Can you overdose on marijuana?

Yes, you can overdose on marijuana (THC). Signs of overdose include nausea, vomiting, hallucinations, or acute paranoia. More here on how to address marijuana overdose and its complications.

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Although impossible to have a toxic overdose of marijuana, it is quite possible to consume more weed than necessary. When you smoke too much marijuana or eat too much pot-based food, you can manifest symptoms of ataxia/dizziness, sweating, nausea, vomiting, possible crying, and sometimes a sensation of dying. But don’t be concerned; ingesting too much marijuana is not fatal or injurious to any organs.

How do you recognize and treat symptoms of marijuana overdose? We review here. Then, we invite your questions about a marijuana overdose at the end.

Can you overdose on marijuana?

Yes and no. If you’re asking if you can overdose and die from marijuana: the answer is no, its not very likely. However, you can experience extreme anxiety (panic attacks) or psychotic reactions (where you lose touch with reality and may become paranoid) after consuming high potency marijuana strains with high levels of tetrahydrocannabinol (THC). Additionally, people can and do injure themselves because of marijuana’s effects on judgment, perception, and coordination. Further, marijuana accents the effects of other drugs; this is why mixing marijuana and alcohol can lead to a high level of intoxication, risky behavior and/or intensified effects of drinking.

What happens when you overdose on marijuana?

When a temporary overdose of marijuana occurs, it is called “greening out.” It is important to understand that a temporary overdose of marijuana will not result in permanent disability or death, but can be quite common in people who have not used the drug often. The following are the symptoms of too much marijuana in the system:

  • disorientation
  • fast heart rate
  • hallucinations
  • pupil dilation
  • shaking that is hard to control, feeling cold
  • shortness of breath
  • temporary feelings of paranoia, fear and anxiety
  • vomiting and/or nausea

This phenomenon passes on its own within minutes to hours of marijuana use. If the symptoms are severe, medical attention needs to be obtained to make sure the user is closely observed for complications.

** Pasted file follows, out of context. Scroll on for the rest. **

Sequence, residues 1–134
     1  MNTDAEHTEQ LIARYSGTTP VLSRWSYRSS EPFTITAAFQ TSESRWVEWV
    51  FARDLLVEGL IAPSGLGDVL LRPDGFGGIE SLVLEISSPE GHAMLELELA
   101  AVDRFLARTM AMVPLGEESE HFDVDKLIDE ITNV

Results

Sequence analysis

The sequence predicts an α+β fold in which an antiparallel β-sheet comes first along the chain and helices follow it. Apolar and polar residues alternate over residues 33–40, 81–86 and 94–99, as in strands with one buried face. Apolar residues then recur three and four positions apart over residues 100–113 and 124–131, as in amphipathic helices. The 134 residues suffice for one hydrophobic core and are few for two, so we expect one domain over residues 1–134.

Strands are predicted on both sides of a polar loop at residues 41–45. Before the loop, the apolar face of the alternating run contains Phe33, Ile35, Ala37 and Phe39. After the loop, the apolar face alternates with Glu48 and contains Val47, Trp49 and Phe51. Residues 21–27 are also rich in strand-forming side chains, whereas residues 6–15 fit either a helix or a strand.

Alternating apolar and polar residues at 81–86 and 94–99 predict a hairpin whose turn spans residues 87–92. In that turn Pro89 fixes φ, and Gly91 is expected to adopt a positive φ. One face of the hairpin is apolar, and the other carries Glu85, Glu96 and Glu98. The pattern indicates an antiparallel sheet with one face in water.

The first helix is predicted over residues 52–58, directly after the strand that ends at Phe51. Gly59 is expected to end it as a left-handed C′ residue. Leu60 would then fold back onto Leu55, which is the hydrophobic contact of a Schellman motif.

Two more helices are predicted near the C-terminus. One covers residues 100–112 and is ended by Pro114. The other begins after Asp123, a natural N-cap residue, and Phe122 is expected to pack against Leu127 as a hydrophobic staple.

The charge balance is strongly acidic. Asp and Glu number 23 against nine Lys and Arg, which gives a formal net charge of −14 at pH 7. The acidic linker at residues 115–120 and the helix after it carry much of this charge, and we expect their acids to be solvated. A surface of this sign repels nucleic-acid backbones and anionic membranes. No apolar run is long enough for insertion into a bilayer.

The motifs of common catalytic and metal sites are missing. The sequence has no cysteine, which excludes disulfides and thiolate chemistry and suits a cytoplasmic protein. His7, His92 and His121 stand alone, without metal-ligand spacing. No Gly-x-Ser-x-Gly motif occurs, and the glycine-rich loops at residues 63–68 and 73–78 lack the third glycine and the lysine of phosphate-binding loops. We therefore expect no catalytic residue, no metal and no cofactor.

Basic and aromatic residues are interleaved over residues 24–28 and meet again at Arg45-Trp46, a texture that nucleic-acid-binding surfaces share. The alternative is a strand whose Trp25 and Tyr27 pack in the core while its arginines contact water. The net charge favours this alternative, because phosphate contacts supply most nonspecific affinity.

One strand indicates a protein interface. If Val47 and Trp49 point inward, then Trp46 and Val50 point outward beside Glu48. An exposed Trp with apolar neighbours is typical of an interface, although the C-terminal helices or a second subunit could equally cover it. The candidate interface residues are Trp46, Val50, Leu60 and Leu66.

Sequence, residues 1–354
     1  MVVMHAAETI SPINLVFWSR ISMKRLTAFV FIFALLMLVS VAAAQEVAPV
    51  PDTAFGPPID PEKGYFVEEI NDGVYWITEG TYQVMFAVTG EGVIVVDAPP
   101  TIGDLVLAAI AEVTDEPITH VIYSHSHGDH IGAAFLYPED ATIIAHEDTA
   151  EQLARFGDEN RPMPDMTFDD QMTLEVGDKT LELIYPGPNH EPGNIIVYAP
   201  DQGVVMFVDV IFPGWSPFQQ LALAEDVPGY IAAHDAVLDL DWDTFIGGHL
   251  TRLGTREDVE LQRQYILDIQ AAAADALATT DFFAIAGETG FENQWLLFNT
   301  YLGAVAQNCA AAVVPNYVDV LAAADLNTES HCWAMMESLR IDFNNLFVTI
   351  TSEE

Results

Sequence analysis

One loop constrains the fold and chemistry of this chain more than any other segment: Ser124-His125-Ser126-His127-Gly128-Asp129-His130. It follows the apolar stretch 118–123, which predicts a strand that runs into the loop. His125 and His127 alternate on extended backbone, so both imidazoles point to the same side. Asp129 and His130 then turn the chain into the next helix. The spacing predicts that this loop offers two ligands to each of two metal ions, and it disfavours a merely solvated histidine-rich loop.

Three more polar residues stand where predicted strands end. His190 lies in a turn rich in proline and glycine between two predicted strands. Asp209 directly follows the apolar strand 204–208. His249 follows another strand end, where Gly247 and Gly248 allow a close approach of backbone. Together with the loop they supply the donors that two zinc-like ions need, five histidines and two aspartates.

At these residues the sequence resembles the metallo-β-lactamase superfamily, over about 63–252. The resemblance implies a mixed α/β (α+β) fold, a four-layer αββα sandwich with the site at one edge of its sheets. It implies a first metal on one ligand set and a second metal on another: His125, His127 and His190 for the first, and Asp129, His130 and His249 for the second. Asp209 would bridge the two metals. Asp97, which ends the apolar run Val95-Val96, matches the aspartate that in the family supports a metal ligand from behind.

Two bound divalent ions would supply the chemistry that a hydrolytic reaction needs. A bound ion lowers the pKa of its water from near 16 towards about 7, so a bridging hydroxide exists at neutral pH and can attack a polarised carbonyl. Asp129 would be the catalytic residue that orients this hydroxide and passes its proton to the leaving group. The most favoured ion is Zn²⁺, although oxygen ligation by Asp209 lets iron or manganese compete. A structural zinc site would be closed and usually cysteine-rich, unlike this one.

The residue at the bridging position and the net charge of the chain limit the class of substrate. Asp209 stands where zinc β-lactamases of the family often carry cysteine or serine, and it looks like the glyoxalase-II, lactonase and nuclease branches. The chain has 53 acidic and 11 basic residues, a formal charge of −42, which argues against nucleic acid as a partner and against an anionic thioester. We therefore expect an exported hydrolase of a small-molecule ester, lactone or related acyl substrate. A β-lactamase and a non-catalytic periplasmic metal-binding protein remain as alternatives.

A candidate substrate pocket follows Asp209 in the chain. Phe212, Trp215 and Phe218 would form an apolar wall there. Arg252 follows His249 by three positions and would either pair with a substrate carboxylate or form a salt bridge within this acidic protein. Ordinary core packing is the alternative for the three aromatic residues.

How much marijuana is too much?

It is difficult to establish marijuana potency levels, due to the variation in types of marijuana users consume. Simply put, until more refined and purified cannabinoid preparations are available, it will simply not be possible to derive a more specific or exact dosing schedule, let alone be able to predict overdose amounts. Additional factors such as age, general health, exposure to marijuana, marijuana tolerance levels, etc. contribute to an individual’s overdose level.  For example, a long-term cannabis user may require significantly larger amounts of cannabis than an initiate to achieve desired effect.

However, if you find yourself in any of these scenarios, perhaps it is time to take a break and re-evaluate your recreational marijuana usage:

1. Your health goes downhill

Long term effects of using marijuana can include reduced immune system response as well as cognitive changes in the brain. Consider also that there have been links between marijuana and brain damage, as well as other long term effects. So while you might be avoiding acute overdose, long term effects still take a toll on your physical and mental health.

2. You can’t shake that wheezing cough

You’re not likely to risk lung cancer and chronic obstructive pulmonary disease like a cigarette smoker, but frequent, heavy marijuana use by smoking can lead to an irritated throat and lungs. Consider switching to vaporization or using edibles until your lungs can recover.

3. You’re blowing off your responsibilities

Being a responsible cannabis consumer means your personal use of marijuana doesn’t negatively affect fulfilling your responsibilities at work, at school, and as a parent, roommate and spouse.

4. You’re not getting high anymore

Increased tolerance can signal dependence on marijuana. And when physical dependence is present, psychological dependence may also be indicated. If you’ve stopped getting high on marijuana, it might be time to consider a break.  Dealing with psycho-emotional issues which compel use can help you avoid the need for marijuana.

Marijuana overdose help

So what can you do if you suspect you’ve OD’d on marijuana? Less serious cases of “greening out” will usually go away on their own in a few hours without treatment. Keep an eye on the person and offer fluids and rest. Watch for symptoms that warrant further medical care such as; trouble breathing, pale skin color, fast heart rate and unresponsiveness. Take the person to the nearest emergency room or call 911.

Overdose on marijuana questions

Still have questions about overdosing on marijuana? Please leave your questions below. We’ll do our best to respond to your question personally and promptly.

Reference Sources: DrugFactsWeek: Marijuana
NewHealthGuide: Can You Overdose On Marijuana?
Department of Justice: Marijuana Data Fact Sheet
Cannabis culture: Too Much Marijuana
About the author
Lee Weber is a published author, medical writer, and woman in long-term recovery from addiction. Her latest book, The Definitive Guide to Addiction Interventions is set to reach university bookstores in early 2019.
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